There are a thousand tastes, so many years and meals and memories. But if I had to settle on one, I would have to say croissants. Buttery and flakey and straight out of the oven. The pastry made the night before, then up at 6am to form it into it’s perfect little crescents, ready to rise then finish baking just before we arrive for morning tea.
“Who makes their own croissants?” My husband asks. “My Mother.” I answer with a grin. Mum who plans and kneads and crisps her love into every meal she offers.
Lady Grey tea. Not that she drinks it, she prefers the smokiness of Russian Caravan. It is me who loves the bergamot with a hint of citrus. But I associate it with her, because whether it is home or on a family holiday, she never forgets to make some for me.
One day she arrived just as I hit my peak state of panic, overwhelmed with one hundred jobs and no clue where was the logical place to start.
“I’ll make you a cuppa.”
“I don’t have time.”
“Sit down. Have a cup of tea. It will help. Trust me.”
And I do. So we sit, two steaming cups between us, and as we talk the mountain becomes a hill and the impossible is possible once again.
This is the hardest one to narrow down, but I think it is the brush of a warm scarf around my neck. Mum aways carries a folded scarf in her bag just in case, and I’ve lost count of the times that she has pulled it out when I have once again mis-diagnosed the Melbourne weather. Nice to go out in the cold with someone who is always prepared, when your mind is permanently positioned in another realm.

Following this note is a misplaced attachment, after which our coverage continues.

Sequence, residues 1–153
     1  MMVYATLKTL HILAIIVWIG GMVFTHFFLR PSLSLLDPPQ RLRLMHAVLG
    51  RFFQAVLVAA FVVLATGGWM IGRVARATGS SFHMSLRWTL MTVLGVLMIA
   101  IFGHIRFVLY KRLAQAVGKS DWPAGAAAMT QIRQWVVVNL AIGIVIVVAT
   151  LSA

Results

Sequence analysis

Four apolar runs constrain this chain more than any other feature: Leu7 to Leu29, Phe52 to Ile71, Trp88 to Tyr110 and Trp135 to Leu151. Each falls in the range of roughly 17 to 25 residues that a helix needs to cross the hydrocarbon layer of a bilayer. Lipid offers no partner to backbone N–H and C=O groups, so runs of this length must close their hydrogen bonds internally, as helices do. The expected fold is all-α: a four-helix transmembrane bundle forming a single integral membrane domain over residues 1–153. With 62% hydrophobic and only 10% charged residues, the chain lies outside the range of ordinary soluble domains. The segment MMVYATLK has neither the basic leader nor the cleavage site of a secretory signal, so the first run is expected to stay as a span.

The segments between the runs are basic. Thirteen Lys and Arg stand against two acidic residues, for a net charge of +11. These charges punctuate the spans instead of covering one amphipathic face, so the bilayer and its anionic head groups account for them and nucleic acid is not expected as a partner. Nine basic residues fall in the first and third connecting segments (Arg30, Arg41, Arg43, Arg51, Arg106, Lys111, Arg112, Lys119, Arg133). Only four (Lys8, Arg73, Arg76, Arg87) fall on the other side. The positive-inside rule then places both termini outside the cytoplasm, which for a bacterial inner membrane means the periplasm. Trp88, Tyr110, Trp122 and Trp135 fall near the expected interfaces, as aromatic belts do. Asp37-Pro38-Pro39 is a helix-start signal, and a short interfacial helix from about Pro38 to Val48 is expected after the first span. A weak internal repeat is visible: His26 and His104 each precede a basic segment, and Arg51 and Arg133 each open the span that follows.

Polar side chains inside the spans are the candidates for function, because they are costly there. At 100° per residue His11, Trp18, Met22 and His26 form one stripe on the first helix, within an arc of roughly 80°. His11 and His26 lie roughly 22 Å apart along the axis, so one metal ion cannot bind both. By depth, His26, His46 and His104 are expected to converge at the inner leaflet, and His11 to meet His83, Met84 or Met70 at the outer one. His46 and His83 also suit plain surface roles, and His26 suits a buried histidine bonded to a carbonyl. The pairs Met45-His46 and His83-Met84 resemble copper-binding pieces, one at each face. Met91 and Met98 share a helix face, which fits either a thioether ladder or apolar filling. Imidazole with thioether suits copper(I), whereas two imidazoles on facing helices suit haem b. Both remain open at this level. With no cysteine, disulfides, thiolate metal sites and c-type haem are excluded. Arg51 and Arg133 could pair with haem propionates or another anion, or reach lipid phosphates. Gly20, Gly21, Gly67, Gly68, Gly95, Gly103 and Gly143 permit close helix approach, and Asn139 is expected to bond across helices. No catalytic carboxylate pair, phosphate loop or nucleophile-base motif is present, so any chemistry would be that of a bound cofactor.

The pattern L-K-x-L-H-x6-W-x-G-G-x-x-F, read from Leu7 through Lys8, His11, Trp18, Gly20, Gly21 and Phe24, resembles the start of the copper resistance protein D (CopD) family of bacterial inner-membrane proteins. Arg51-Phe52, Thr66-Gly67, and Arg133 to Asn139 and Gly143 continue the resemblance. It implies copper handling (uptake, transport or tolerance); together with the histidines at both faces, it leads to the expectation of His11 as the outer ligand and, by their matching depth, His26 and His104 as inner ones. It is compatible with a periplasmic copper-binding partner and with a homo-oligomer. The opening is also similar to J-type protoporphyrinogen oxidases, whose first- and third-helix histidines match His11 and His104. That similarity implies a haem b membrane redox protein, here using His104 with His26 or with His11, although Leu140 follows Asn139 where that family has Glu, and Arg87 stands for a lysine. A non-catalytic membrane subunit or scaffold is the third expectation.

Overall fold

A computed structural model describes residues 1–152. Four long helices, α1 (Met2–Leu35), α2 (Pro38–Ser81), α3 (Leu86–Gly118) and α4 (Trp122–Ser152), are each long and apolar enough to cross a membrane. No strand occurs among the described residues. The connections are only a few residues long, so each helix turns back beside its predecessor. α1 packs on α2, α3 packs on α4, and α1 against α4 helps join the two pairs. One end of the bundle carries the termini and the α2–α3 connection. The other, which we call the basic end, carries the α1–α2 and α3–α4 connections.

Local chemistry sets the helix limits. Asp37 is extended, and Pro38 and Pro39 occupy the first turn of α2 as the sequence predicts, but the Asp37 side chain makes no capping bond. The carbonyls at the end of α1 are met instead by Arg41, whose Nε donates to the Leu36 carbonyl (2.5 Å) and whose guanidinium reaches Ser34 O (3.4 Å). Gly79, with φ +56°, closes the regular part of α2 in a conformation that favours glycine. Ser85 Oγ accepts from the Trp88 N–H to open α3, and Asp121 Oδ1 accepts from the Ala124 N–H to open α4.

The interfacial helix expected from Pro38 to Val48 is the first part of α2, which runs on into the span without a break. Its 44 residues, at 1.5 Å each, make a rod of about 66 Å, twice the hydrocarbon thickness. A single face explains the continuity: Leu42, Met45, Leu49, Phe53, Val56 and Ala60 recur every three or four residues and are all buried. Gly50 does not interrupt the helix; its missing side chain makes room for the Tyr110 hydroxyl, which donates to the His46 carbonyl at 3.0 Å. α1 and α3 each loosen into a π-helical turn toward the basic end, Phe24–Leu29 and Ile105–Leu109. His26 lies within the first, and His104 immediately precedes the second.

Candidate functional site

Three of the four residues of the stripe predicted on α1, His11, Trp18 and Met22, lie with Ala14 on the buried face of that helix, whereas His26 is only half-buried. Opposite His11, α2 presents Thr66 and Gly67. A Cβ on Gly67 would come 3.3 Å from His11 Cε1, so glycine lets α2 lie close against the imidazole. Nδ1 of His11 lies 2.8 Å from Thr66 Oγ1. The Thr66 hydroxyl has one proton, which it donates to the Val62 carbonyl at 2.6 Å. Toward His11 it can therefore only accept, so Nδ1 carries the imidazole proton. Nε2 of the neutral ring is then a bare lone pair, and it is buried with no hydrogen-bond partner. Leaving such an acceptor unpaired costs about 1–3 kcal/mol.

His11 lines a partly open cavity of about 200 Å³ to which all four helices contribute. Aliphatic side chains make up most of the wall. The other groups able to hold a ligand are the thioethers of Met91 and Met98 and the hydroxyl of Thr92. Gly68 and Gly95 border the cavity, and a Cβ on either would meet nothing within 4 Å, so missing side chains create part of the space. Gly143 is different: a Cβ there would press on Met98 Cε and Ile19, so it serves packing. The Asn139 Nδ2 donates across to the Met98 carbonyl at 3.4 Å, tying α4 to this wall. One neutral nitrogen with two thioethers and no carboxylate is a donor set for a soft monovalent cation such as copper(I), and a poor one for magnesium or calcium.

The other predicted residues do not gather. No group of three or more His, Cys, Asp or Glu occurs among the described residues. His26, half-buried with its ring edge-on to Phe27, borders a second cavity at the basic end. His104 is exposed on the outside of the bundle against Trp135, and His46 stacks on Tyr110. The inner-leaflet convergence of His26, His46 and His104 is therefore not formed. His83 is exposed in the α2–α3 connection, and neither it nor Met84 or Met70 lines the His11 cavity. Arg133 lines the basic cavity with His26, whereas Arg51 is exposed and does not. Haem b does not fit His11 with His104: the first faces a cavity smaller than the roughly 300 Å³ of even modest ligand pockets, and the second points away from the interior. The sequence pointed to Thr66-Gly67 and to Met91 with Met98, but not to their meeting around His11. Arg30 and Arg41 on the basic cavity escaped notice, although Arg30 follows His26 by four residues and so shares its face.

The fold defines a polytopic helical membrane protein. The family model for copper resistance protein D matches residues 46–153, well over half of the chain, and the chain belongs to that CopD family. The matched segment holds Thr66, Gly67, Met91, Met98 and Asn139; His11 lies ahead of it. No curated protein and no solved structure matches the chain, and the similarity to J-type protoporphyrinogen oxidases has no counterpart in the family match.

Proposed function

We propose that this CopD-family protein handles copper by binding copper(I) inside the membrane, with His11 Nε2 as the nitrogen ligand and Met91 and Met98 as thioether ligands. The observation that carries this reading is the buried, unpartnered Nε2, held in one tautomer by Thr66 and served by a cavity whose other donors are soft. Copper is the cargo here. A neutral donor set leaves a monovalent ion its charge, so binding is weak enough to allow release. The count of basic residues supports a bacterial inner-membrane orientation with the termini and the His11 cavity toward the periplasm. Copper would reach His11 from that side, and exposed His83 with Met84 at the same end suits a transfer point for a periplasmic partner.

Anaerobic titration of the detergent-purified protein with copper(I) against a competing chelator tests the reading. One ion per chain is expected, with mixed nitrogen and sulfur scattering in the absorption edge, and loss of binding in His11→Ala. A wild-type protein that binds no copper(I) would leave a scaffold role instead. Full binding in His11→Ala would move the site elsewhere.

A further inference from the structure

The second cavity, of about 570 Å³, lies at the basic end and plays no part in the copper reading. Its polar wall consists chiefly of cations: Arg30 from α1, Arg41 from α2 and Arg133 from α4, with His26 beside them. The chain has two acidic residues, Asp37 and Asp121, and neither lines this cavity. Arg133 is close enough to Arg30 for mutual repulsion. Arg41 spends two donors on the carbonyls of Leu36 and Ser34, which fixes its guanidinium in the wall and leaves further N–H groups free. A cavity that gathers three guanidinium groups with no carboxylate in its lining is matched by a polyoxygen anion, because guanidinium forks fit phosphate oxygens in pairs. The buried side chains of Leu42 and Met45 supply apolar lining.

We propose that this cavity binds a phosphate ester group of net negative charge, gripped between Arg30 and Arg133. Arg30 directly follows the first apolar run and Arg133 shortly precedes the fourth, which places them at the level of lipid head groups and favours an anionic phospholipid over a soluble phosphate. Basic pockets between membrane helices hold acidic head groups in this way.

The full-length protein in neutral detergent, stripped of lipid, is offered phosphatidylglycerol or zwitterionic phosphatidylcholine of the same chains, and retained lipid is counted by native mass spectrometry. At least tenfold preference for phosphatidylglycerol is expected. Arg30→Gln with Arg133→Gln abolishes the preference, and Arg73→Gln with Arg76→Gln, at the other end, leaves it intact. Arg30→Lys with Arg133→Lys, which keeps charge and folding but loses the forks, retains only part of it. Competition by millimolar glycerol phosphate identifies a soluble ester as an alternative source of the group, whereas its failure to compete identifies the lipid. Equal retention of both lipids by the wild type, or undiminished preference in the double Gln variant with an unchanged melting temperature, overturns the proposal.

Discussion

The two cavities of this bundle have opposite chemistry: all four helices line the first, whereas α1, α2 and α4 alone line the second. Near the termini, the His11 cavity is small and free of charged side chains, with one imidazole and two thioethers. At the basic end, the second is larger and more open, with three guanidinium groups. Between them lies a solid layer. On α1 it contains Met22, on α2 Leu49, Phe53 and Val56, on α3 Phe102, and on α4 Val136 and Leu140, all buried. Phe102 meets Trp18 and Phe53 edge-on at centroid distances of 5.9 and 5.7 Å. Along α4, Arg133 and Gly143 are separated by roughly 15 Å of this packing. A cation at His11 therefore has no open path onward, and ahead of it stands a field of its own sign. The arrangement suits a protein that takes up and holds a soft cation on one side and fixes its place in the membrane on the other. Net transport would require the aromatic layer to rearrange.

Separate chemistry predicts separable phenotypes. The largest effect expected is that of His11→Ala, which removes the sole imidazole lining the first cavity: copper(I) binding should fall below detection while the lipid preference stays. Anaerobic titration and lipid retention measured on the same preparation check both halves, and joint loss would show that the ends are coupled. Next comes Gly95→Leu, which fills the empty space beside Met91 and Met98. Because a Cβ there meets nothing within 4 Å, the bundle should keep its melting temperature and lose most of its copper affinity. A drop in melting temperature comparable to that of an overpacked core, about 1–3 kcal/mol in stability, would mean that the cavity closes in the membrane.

When I was in hospital, ill and trapped and wondering when my tiny twins would enter the world, Mum would visit. She brought along a half knitted scarf, and as we sat and talked she would work her way along another row. Now it sits on my shoulders on the coldest days of the year, a happy memory from one of the hardest times of my life.
Music. No one song. Hundreds of songs. Ones that played on the CD player while we cleaned the kitchen in-between our dance steps. Breaking into song half way through a sentence when we recognise a line from a song. Even my son’s singing, because he is like his beloved Grandma, a sponge absorbing every tune he hears.
Red. Bright, exuberant red. For both of us. Not just because it suits our identical colouring, but because it is us. Enthusiastic, optimistic and occasionally a bit too loud. Like Mother like daughter.
But there is a sixth sense. Not telepathy. A feeling. An emotion. A sense that comes when I see her smile or when I hear her voice on a phone.